U.S. to Ship Oil To North Korea

By Peter Baker
Washington Post Staff Writer
Saturday, September 29, 2007

President Bush yesterday authorized the first U.S. shipment of heavy fuel oil to North Korea in five years, a reward to Pyongyang for moving forward with its agreement to end its nuclear programs.

The president's order means the United States soon will send 50,000 metric tons of fuel worth about $25 million to the impoverished and isolated Stalinist government. In justifying the move, the White House cited North Korea's recent commitment to complete an inventory of its nuclear programs and disable its existing nuclear facilities by the end of the year.

"It's action for action," said Gordon Johndroe, spokesman for the National Security Council. "We feel like the North Koreans are taking the right steps in living up to their obligations under the agreements."

The shipment represents another step in a complex sequence of actions and rewards built into an accord forged in February by the United States, North Korea, China, Japan, Russia and South Korea. The agreement promises energy-starved North Korea a total of 1 million tons of heavy fuel oil over the course of the denuclearization process. So far, South Korea and China have provided 50,000 tons each. Russia will provide the next installment, while Japan refuses to participate until North Korea addresses its abductions of Japanese citizens.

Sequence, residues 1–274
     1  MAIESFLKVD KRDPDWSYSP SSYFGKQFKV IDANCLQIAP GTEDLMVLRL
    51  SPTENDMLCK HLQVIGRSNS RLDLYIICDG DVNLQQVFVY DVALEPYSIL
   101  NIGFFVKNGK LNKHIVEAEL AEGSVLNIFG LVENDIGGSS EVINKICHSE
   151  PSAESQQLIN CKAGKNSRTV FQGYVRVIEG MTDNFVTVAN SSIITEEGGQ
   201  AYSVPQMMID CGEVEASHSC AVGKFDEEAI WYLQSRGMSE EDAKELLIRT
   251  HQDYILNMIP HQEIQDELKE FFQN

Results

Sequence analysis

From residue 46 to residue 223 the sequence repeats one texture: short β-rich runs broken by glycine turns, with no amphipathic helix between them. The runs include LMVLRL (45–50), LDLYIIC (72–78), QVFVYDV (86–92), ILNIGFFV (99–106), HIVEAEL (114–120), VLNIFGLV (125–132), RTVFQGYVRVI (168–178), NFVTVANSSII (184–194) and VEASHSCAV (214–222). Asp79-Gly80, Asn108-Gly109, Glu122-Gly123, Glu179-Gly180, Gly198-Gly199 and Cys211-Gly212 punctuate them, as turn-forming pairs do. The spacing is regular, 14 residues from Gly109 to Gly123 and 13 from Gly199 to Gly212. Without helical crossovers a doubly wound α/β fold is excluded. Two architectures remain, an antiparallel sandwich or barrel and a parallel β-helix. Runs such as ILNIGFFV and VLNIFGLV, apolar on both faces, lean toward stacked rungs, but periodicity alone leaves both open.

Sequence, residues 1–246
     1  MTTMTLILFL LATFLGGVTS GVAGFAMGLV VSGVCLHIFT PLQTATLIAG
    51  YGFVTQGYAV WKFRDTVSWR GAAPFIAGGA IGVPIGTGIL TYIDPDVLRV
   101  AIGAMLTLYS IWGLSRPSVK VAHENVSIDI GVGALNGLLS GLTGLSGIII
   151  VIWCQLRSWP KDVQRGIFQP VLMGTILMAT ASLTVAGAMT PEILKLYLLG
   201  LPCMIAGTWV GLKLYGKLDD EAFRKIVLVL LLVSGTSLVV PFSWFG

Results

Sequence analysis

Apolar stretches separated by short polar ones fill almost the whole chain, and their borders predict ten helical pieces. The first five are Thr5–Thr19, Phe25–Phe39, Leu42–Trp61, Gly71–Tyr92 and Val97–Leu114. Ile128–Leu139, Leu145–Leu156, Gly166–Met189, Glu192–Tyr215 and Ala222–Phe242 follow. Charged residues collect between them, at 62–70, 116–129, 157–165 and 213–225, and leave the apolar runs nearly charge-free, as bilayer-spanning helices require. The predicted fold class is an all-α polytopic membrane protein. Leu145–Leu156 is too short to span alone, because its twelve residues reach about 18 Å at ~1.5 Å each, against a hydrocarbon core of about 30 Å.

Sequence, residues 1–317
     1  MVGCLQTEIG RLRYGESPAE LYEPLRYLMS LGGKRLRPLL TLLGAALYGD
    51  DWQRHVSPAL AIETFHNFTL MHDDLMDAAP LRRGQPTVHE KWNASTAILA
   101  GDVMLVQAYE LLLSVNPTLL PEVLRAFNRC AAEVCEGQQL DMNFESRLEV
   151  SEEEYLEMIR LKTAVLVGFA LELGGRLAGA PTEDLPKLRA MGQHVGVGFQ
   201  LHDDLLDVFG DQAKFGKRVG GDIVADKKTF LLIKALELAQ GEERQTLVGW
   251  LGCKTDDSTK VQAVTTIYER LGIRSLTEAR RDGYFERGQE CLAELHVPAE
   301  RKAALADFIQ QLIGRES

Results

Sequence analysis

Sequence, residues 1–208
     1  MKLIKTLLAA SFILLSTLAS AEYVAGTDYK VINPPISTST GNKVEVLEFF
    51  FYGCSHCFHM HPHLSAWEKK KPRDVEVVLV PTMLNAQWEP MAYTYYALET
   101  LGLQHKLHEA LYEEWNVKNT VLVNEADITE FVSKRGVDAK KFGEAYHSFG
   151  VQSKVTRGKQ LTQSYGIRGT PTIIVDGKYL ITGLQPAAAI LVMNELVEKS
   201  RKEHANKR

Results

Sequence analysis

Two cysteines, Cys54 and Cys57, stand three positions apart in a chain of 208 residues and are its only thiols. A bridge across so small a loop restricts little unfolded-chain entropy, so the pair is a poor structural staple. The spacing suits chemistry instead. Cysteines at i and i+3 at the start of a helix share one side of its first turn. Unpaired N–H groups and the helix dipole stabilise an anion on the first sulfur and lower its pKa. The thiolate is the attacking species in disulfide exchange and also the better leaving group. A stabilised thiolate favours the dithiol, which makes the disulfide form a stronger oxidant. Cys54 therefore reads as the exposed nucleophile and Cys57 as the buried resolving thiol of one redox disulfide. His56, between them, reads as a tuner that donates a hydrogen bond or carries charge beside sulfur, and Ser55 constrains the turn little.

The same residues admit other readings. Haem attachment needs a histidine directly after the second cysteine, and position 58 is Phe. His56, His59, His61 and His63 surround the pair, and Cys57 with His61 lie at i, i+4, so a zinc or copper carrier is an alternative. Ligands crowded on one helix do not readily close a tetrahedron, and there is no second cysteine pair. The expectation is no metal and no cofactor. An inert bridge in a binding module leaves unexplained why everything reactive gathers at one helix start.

But Bush's order yesterday also marked a dramatic shift for an administration that cut off fuel shipments to North Korea in 2002 when U.S. officials accused Pyongyang of operating a secret uranium enrichment program. After the fuel cutoff, North Korea restarted its nuclear reactor at Yongbyon, extracting weapons-grade plutonium for bombs and eventually announcing last fall that it had tested one.

Critics have questioned the administration's decision to restart fuel shipments before North Korea completely shuts down its program. And the six-party deal has come under renewed criticism since Israel's Sept. 6 attack on a suspected nuclear site in Syria that was reportedly set up with the help of North Korea.

Sources have told The Washington Post that Israel shared satellite imagery and other intelligence with Bush this summer indicating that North Korean nuclear personnel were in Syria. Bush has refused to discuss anything concerning the situation and Johndroe said yesterday that he had no comment. Syria and North Korea have both denied that they were collaborating on a nuclear program.

The United States also announced this week that it is renewing long-standing sanctions against North Korea for transferring missile technology, although administration officials downplayed the significance of the action and said it would not affect the nuclear deal.

Despite the new sanctions and the Israeli airstrike, the six-party talks resumed in Beijing this week and the nuclear agreement with North Korea appeared to remain on track. North Korea has shut down the Yongbyon reactor and agreed to admit inspectors from the United States, China and Russia. U.S. officials want to map out the next phase of action by the end of the year.


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